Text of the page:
Life Topography – a digital & physical legacy


Life topography sculpture

Life topography sculpture

We were approached by Megan Valentine, a fourth year industrial design student at Massey University in Wellington, seeking advice on her final year project.

“I am looking into design for grief and how the products surrounding death could aid in the grieving process. I would also like my final design to be environmentally conscious”.


After an initial meeting we recommended associations, relevant publications and introduced Megan to various experts in the funeral industry. She already had a well conceived concept and a deep understanding of her subject matter.

Megan had chosen two very unsexy subjects – death and grief.

Her concept, ‘Life Topography’ enables a terminally ill person the opportunity to reflect and record prompted personal data and milestones on-line, resulting in a digital and physical legacy.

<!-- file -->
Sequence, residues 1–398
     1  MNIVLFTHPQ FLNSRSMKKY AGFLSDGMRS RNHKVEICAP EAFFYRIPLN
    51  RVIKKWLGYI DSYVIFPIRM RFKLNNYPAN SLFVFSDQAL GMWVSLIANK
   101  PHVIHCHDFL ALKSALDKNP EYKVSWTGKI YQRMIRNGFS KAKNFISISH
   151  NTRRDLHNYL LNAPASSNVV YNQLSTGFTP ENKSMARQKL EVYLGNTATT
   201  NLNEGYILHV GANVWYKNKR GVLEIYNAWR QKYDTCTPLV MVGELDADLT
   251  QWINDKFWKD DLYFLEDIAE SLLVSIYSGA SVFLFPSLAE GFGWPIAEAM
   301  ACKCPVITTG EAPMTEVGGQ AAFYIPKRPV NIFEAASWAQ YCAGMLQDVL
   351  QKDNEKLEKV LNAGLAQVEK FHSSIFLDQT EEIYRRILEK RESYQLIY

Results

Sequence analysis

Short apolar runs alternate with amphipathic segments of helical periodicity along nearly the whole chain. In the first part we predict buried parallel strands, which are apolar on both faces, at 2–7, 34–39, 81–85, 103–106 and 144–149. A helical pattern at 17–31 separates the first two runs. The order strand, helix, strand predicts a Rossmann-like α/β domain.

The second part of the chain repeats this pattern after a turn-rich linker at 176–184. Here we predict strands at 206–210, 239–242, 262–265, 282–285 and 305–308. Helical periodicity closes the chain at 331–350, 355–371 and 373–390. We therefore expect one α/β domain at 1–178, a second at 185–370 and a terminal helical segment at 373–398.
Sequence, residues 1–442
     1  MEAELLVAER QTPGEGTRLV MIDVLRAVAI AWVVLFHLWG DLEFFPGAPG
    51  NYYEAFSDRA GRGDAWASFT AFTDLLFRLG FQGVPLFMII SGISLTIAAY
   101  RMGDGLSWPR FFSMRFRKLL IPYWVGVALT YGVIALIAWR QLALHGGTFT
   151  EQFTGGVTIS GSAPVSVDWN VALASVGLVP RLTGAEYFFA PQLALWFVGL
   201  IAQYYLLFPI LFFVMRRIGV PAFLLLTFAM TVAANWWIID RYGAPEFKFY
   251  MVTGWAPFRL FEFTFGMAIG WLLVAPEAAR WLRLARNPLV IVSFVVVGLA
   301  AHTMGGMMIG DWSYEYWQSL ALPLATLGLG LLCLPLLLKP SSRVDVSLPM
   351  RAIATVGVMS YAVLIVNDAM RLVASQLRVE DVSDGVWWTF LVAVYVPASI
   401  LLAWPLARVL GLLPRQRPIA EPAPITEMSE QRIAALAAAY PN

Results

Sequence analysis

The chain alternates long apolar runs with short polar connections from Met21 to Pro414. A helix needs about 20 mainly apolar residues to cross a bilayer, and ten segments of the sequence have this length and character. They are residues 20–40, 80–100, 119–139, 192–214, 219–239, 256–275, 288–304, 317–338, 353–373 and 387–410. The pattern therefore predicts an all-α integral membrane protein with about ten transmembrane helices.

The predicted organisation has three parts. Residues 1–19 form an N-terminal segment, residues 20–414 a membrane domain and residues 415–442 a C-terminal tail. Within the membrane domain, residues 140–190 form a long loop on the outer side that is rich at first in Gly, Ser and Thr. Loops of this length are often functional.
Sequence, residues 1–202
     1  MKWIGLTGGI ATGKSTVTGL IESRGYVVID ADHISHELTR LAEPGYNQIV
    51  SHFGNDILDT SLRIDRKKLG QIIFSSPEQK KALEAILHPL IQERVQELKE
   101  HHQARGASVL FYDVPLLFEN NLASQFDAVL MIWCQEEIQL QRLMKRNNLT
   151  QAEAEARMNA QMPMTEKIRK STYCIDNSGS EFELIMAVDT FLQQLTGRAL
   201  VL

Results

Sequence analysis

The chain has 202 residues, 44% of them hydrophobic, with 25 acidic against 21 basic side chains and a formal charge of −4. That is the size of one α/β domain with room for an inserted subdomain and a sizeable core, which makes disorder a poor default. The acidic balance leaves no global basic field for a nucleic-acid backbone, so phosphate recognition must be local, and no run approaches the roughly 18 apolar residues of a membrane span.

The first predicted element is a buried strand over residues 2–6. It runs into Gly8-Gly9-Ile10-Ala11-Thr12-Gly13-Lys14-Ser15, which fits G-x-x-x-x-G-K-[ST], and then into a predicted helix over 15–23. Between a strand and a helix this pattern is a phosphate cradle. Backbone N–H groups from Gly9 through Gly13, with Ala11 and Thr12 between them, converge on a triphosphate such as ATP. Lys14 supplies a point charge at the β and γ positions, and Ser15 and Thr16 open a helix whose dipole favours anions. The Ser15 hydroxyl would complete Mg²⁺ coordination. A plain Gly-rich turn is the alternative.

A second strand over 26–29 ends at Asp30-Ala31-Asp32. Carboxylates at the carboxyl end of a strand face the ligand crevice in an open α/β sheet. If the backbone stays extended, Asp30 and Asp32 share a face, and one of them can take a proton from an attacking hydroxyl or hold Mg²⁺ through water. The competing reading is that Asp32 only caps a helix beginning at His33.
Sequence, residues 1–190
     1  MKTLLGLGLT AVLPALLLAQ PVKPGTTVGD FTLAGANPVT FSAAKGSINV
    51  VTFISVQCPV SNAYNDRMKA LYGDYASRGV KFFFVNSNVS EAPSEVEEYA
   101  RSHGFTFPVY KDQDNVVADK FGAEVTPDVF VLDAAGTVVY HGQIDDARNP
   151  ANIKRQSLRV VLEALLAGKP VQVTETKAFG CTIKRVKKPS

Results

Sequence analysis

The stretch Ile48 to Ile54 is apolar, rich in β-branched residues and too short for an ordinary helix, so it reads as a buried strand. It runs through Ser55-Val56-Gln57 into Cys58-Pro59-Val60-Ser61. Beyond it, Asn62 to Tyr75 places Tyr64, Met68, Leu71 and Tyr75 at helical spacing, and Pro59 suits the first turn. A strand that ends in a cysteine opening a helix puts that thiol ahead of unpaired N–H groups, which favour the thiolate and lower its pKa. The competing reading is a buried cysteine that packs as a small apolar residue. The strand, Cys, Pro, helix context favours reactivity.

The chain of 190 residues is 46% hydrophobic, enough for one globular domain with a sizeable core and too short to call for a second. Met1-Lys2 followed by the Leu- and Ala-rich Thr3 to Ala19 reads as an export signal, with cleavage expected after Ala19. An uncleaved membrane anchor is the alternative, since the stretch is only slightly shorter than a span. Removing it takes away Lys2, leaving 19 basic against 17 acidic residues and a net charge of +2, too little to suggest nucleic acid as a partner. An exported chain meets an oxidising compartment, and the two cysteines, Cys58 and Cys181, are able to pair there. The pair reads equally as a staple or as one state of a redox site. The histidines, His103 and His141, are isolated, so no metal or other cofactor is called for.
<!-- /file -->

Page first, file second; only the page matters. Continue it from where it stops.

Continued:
This project offers a tool for a terminally ill patient to begin to process their loss of potential. The end result, generated by the thoughts and emotions of a dying patient, produces a tactile souvenir of the deceased, by the deceased, for the living.

On death, the captured data is then processed providing instruction to create a three dimensional sculpture, made from sustainable timber, divided into multiple sections, which is then placed on the coffin.

At the funeral, the sculpture offers mourners the opportunity to approach the coffin, to make a choice, to connect and leave with a souvenir of the deceased. The unique morphic piece, generated from the thoughts of the dying person, is tactile and genuinely laden with sentiment.

Individually, each piece resonates, making sense as part of the larger communal sculpture – the loss can be mourned intimately and personally.

The memorial becomes a digital headstone, appropriate for burial or cremation, globally accessible and minimising the use of stoneware or metals used for plaques.Individual piece We think this is a revolutionary concept which could influence the future of our mourning practices. We wish Megan every success with her Industrial Design degree.

No comments yet.

Leave a Reply